Furthermore, several studies on e-sports engagement show limited understanding of Chinese e-sports fans’ watching intentions. For example, Wang et al. (2021) used a technology acceptance model to verify the influence of motivations on watching intention, such as social interaction, entertainment, and knowledge acquisition. However, this study ignored a key predictor variable of behavioral intention – attitude (Yan, 2014), as well as other relevant factors that matter in e-sports context, such as team identification and satisfaction with past experience. Similarly, a study conducted by Zhao et al. (2022) in China’s Henan Province confirmed the significant positive impact of perceived usefulness and perceived ease of use on the attitude toward e-sports, while overlooking the explaining power of motivation on attitude and behavioral intention.

As we design the research to more carefully investigate Chinese audiences’ e-sports watching intention, literature review found that empirical studies examining e-sports spectatorship so far still lacks consistent conclusions (Rietz and Hallmann, 2022). Some researchers seek to directly test the relationship between spectatorship motivations and watching intention. For example, a study conducted by Macey et al. (2022) found that knowledge acquisition, interaction with family and friends, and escapist motivation were positively associated with e-sports watching intention. However, Sjöblom et al. (2020) concluded that only vicarious achievement and novelty would positively predict future online consumption of e-sports. Given the mixed findings in the literature, we propose a research question as follows:

RQ1: In China, which motivation could influence the intention to watch e-sports games online directly?

Moreover, researchers explored the specific mediating mechanism between the spectatorship motivations and watching intention by testing different mediators. Different choices of mediating variables imply that scholars do not reach a consensus on how to understand the mechanism through which spectatorship motivations are associated with watching intention. Some of the mediator variables that have been tested include attitude (Xiao, 2020), flow experience, and subjective well-being (Kim and Kim, 2020). Although Xiao (2020) tried to explore the role of attitude to explain the relationship between spectatorship motivation and watching intention, he did not measure the indirect effect of spectatorship motivation on watching intention via attitude. Therefore, we propose a research question as follows:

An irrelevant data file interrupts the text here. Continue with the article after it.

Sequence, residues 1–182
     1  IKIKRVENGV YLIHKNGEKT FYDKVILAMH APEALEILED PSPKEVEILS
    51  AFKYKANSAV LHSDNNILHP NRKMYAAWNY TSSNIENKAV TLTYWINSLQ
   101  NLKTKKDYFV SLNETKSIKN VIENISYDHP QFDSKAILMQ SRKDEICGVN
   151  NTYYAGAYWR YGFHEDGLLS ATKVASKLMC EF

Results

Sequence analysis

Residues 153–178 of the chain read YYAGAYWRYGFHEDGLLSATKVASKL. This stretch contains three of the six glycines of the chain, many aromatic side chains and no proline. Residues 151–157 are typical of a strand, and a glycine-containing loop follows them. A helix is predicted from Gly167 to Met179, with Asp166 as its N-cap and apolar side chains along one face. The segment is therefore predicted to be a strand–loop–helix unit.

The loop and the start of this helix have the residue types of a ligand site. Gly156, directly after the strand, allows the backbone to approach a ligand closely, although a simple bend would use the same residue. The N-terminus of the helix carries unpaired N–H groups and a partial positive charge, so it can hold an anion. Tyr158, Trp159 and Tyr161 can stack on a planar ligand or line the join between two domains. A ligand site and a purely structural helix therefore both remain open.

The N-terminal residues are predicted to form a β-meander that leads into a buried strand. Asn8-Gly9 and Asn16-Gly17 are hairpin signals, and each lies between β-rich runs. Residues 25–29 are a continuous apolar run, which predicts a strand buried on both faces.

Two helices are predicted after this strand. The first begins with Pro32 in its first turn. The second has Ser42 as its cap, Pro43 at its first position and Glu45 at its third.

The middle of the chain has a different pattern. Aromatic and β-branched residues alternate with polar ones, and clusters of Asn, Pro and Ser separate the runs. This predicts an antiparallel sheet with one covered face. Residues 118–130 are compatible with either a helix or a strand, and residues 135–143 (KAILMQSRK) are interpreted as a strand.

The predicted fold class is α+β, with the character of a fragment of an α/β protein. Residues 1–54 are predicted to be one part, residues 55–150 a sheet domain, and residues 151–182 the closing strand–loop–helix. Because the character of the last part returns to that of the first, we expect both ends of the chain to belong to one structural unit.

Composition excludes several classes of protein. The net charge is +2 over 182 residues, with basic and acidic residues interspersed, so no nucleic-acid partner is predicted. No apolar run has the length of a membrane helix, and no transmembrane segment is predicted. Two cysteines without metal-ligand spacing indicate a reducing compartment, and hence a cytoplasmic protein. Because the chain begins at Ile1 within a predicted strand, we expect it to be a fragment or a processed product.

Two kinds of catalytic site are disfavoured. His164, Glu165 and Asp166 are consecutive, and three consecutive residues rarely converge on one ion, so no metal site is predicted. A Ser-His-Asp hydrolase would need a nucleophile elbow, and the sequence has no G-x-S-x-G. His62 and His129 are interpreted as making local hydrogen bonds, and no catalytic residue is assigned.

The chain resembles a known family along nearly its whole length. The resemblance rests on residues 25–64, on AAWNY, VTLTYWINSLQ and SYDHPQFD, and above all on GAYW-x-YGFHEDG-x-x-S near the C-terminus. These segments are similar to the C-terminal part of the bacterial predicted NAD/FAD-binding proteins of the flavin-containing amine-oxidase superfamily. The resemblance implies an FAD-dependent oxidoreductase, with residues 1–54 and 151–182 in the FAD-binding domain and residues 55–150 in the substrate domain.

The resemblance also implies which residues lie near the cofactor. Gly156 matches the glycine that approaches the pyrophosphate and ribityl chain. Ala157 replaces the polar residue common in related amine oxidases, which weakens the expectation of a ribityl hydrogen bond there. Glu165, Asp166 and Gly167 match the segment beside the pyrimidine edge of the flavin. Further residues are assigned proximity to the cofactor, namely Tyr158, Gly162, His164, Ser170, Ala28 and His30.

RQ2: In the context of e-sports game online spectatorship, whether attitude can be confirmed as a mediator between motivation and watching intention? If any, how large is the indirect effect of spectatorship motivation on watching intention via attitude?

Besides, previous studies in traditional sports spectatorship have shown that factors, such as past watching experience and fans’ team identification, also significantly affect their attendance intention (Kaplanidou and Gibson, 2010; Lee et al., 2020).

The world of traditional sports constructs an experience in which a culture is formed where loyal fans are able to show support for their team through their words and actions (Brown et al., 2018). In this vein, the degree of a fan’s psychological connection with a team was operationalized by Wann (1994) as team identification, which has been a widely used concept in the context of spectator sports. Sporting events provide an exemplary platform to study team identification, as a collective identity that spectators develop with a team. As identity activation leads to behavioral involvement to engagement of action to express the collective identity (Ashmore et al., 2004), fans continue to attend sports games (Lee et al., 2020). In e-sports, the influence of professional teams on players and spectators is similar in many ways. However, little is known about the role of e-sports fans’ team identification on the formation of their watching intention. Moreover, past behavior has also been identified as a significant predictor of future behavior. Specifically, the significant effect of past behavior on future behavioral intentions has been corroborated in many fields, such as physical activity (Wang and Zhang, 2016), travel (Huang and Hsu, 2009), hockey games (Cunningham and Kwon, 2003) and the Senior Games (Kaplanidou and Gibson, 2010), while little is known about its role in the context of e-sports online spectatorship. Given these, we propose a research question as follows:

RQ3: In the context of e-sports game online spectatorship, how are past behavior and team identification associated with watching intention?

In summary, this study firstly seeks to validate the relationship between a set of e-sports spectatorship motivations and future watching intention in the context of Chinese e-sports environment. Moreover, while the direct link between motivation and intention seems plausible, it is also important to explore mechanisms that explain these relationships. Therefore, attitude would be served as a mediator to explain this relationship, as it is often regarded as a key predictor variable of behavioral intention. In addition to these well-studied factors in e-sports literature, this study would also explicate the role of past behavior and team identification in the formation of watching intention.